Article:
Cambodians are voting in an election that will not feature the only serious challenger to the rule of Prime Minister Hun Sen, who has been in power since 1985.
Critics have called the vote a sham as the Cambodia National Rescue Party, which narrowly lost the last election, has been dissolved.
The US and EU are among those who have questioned the credibility of the vote.
But the ruling Cambodian People’s Party says 19 other parties are standing.
On Friday, the Cambodian government ordered internet service providers in the country to block a number of independent news websites, including Radio Free Asia, Voice of America and Voice of Democracy.
It also singled out a post on the German version of the image-sharing site Pinterest, which had specifically referenced the Cambodia National Rescue Party.
English newspaper outlets were among other sites blocked.
As part of a large UN peacekeeping mission, Cambodia held its first multi-party elections in decades in 1993 after years of bloodshed and war. Some two million people are estimated to have died between 1975 and 1979 when the country was ruled by the radical communists of the Khmer Rouge.
Hun Sen, a former soldier in the Khmer Rouge who later opposed them, has presided over a sustained period of rapid economic growth.
He has long been accused of using the courts and security forces to crush dissent and intimidate critics, but has for years allowed some measure of political opposition to his CPP party.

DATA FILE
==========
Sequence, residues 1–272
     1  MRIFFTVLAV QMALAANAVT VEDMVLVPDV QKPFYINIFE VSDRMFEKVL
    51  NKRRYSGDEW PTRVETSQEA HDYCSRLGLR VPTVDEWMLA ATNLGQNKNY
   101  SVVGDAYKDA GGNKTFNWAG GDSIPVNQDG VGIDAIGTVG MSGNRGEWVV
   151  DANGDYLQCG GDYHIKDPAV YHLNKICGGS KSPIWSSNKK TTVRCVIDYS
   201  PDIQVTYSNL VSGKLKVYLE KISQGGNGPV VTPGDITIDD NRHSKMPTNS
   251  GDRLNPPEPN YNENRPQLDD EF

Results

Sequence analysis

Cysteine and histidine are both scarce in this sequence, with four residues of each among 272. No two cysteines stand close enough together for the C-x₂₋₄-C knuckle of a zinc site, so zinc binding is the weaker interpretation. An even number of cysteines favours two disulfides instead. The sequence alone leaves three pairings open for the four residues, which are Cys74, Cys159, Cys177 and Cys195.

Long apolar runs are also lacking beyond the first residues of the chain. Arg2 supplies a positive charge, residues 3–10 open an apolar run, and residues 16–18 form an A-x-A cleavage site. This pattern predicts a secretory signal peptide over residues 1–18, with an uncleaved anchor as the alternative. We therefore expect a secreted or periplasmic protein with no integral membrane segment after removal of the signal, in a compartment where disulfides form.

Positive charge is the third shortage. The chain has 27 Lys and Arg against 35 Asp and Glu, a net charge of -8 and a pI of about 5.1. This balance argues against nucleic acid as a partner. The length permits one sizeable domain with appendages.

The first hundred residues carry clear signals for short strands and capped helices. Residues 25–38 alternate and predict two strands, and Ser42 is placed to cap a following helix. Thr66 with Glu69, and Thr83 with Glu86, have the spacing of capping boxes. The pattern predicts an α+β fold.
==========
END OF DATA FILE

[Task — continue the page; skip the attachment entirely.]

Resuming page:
This election however marks the “death” of democracy in Cambodia, senior opposition figure Mu Sochua told the BBC.
Analysts say that a key test for Hun Sen’s legitimacy will be how many voters turn out. During the campaign, opposition activists calling for a voter boycott have been accused of incitement.
Voters dip their finger in indelible ink at polling stations, making it easy for local authorities to see who has voted, and who has not.
A voter in the southern province of Kampot told BBC Thai that he would vote “just to have ink” on his finger.
“I’m afraid there could be problems and I will be arrested,” the 39-year-old man, who did not want be named due to fear of retribution, said.
In 2013, the Cambodia National Rescue Party (CNRP) led a mass protest movement after rejecting the election results, posing the biggest threat to Hun Sen’s rule in more than a decade.
It was allowed to contest local elections last year, and won around 44% of the popular vote.
Since then, its leader has been jailed for alleged treason, and much of its senior leadership has fled abroad, trying to drum up support for international sanctions. Independent media outlets have closed or left the country and journalists have been arrested.
The party itself was dissolved in November by the Supreme Court, based on a complaint from the government that it was conspiring with the US to overthrow it. All its elected politicians lost their positions, including 55 seats in the 123-seat National Assembly.
On Friday, during the last day of campaigning, Hun Sen told thousands of supporters that his party had eliminated “traitors who attempted to topple the government” .
“If we didn’t eliminate them with an iron fist, maybe by now Cambodia would be in a situation of war,” he said.
The US and the EU, which both lavished aid on Cambodia after its first UN-administered election in 1993, have cut off electoral assistance for this poll.
But China, which recently gave more than $130m in military aid to Cambodia, is sending observers for the first time.